Your picture of the Week

Marjory McKee from Horncliffe took this photo on a recent visit to the Farne Islands. She said: "I had seconds to get this picture before the egg was smashed and these gulls had a feed!" Please email your photographic contributions, with a brief caption, to berwickshirenews@jpress.co.uk
Marjory McKee from Horncliffe took this photo on a recent visit to the Farne Islands. She said: "I had seconds to get this picture before the egg was smashed and these gulls had a feed!" Please email your photographic contributions, with a brief caption, to berwickshirenews@jpress.co.uk

Marjory McKee from Horncliffe took this photo on a recent visit to the Farne Islands. She said: “I had seconds to get this picture before the egg was smashed and these gulls had a feed!”

Please email your photographic contributions, with a brief caption, to berwickshirenews@jpress.co.uk

LETTERS TO THE EDITOR

MEALS DECISION LEAVES A BAD TASTE

I was upset and concerned to learn that Saltgreens residential home in Eyemouth would no longer be providing fresh, home-cooked meals on the premises.

As a regular visitor, the staff are highly praised for the meals they provide – this including home baking. Saltgreens is renowned for its high catering standards.

The decision to move to an external supplier, whether it results in frozen meals brought in or meals made seven miles or so away, is not in the best interest and well-being for the residents in Saltgreens.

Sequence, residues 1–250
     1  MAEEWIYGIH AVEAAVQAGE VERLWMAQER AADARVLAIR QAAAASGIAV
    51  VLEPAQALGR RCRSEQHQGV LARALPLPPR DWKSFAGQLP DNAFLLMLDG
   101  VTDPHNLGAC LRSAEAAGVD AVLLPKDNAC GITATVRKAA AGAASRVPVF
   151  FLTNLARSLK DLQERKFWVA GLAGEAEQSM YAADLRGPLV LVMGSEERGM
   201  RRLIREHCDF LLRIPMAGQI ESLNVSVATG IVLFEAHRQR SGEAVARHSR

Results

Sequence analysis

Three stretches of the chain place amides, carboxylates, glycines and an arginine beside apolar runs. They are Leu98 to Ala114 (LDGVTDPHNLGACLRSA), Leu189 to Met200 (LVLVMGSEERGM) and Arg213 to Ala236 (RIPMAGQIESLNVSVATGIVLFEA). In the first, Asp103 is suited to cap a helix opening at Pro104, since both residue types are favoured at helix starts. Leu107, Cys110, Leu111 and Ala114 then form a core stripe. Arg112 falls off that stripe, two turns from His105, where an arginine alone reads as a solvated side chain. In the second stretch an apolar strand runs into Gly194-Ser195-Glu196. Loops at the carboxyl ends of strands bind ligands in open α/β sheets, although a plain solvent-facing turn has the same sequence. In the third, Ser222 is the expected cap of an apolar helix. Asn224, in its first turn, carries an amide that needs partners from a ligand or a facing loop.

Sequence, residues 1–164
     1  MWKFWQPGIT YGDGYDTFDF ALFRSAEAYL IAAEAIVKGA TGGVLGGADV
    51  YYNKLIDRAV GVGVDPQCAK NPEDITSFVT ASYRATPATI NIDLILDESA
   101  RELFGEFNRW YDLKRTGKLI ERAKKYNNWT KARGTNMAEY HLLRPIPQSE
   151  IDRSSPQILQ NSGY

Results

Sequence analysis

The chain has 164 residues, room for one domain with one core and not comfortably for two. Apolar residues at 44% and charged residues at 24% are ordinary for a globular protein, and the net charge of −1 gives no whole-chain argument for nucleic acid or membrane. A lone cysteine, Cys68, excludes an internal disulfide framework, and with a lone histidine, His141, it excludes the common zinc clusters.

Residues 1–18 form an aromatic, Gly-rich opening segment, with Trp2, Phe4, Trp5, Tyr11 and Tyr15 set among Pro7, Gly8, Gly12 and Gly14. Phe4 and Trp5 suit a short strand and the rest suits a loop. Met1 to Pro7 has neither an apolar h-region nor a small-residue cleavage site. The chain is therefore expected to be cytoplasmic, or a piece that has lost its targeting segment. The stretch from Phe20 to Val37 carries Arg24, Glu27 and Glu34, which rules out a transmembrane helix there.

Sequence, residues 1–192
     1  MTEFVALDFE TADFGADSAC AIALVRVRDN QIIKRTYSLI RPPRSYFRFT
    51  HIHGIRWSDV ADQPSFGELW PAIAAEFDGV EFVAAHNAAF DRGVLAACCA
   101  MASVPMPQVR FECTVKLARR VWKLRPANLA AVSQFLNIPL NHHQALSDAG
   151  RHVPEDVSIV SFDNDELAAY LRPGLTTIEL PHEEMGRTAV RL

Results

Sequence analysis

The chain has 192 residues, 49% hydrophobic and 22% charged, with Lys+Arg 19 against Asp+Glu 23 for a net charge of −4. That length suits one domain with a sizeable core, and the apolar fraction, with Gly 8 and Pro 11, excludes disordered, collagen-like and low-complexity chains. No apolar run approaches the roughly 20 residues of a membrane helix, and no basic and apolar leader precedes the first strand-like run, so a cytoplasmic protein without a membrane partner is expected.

Saltgreens is owned by Scottish Borders Council and care is provided by SB Cares. I would be interested to know if this decision had been open to public consultation.

If I was in the position of moving to Saltgeens residential home and paying the very high cost of living there, I would expect to have fresh, home-cooked meals.

Jeanette Lindsay

Eyemouth

SHAMEFUL HYPERBOLE

So, August 12 has come and gone.

Sturdy men in tweed (averaging 85 kilos) sallied forth to gallantly blast hot lead through startled grouse wearing only feathers, and weighing in at a maximum of 850 grams.

Glorious? I suppose that’s just a matter of opinion.

Peter Glenser, of the British Association for Shooting and Conservation, certainly has strong opinions on the matter – so strong indeed that in a letter published in the Berwickshire News on August 10 he characterised people holding opinions different from his own as “extremists”.

To me, and I imagine to most people, this term brings to mind the balaclava, the Isis flag, or neo-Nazi insignia – not law-abiding British citizens signing moderately-worded petitions or writing letters to local newspapers. Mr Glenser’s ill-advised use of hyperbole is shameful – his association should review his suitability to be its chairman.

As for the “myths and propaganda”, let’s examine those put forward by the aforementioned chairman, starting with the last, the inane statement that “grouse moors are internationally-protected habitats, rarer than rainforest”.

This rusty old cliche` is wheeled out regularly by commentators on both sides of the debate. I take it they mean that heather moorland managed for grouse-shooting covers a smaller area than rainforest.

So what. Let’s take another man-made habitat, albeit one that doesn’t involve intensive management of wildlife – the English water-meadow. Did you know they’re rarer than savannah?

Again, so what. Comparing totally-unrelated habitats is pointless – it only serves to demonstrate an ignorance of the bigger environmental picture.

Were moors currently managed for driven grouse-shooting to become unmanaged overnight, some species of wildlife would benefit. Some would be depleted, but not on a global scale. The landscape would change, but not necessarily for the worse.

However, the loss of the world’s rainforests will have an immediate, catastrophic impact on the global climate.